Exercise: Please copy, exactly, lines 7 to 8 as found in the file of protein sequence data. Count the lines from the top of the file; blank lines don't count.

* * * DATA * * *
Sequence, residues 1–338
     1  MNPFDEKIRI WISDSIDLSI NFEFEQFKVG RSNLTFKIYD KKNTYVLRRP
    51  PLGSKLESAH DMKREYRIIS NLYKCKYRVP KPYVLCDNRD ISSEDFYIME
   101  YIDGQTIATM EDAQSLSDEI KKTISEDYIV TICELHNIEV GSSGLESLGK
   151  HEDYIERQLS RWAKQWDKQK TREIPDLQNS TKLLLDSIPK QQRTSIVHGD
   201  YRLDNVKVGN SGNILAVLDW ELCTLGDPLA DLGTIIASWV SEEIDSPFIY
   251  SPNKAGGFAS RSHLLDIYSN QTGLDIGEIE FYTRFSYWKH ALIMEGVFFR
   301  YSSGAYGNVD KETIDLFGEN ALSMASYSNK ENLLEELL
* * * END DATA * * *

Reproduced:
   251  SPNKAGGFAS RSHLLDIYSN QTGLDIGEIE FYTRFSYWKH ALIMEGVFFR
   301  YSSGAYGNVD KETIDLFGEN ALSMASYSNK ENLLEELL